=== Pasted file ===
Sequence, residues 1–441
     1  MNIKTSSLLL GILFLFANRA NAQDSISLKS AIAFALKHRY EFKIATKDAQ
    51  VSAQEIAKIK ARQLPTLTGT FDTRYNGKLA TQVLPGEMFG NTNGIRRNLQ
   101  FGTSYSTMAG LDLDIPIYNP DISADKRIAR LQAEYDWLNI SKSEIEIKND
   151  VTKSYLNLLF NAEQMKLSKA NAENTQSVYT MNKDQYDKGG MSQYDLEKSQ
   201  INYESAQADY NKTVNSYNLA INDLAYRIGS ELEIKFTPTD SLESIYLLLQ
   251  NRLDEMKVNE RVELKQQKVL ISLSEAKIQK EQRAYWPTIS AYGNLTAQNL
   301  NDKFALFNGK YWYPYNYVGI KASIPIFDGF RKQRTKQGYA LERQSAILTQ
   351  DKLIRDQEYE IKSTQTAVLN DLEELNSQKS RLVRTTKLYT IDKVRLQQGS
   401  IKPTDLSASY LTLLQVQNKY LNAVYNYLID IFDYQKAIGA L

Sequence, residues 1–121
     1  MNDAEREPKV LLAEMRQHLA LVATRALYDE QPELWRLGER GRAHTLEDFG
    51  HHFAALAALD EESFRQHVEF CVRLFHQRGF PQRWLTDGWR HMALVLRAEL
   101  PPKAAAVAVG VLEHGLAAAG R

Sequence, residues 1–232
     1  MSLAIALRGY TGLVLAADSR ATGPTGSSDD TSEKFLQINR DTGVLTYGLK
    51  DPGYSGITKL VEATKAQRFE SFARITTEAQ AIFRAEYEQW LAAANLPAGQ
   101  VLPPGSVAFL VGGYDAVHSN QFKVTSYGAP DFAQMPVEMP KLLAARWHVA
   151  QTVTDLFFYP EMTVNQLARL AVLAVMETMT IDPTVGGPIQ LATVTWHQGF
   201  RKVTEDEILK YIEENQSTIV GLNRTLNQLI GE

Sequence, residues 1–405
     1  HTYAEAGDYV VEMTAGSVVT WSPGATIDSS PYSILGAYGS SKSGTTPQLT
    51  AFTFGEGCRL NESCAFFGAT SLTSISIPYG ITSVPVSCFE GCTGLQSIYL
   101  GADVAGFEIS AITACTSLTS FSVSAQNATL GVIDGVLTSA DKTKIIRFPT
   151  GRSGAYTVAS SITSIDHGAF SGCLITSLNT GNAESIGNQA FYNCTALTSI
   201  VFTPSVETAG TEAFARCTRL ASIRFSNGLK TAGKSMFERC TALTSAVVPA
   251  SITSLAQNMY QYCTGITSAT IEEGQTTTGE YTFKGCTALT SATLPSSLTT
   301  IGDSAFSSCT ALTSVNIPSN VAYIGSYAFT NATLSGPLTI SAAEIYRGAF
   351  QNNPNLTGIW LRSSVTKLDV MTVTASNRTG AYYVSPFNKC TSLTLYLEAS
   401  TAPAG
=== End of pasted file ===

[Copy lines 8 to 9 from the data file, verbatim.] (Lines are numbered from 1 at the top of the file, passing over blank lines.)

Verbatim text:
   301  NDKFALFNGK YWYPYNYVGI KASIPIFDGF RKQRTKQGYA LERQSAILTQ
   351  DKLIRDQEYE IKSTQTAVLN DLEELNSQKS RLVRTTKLYT IDKVRLQQGS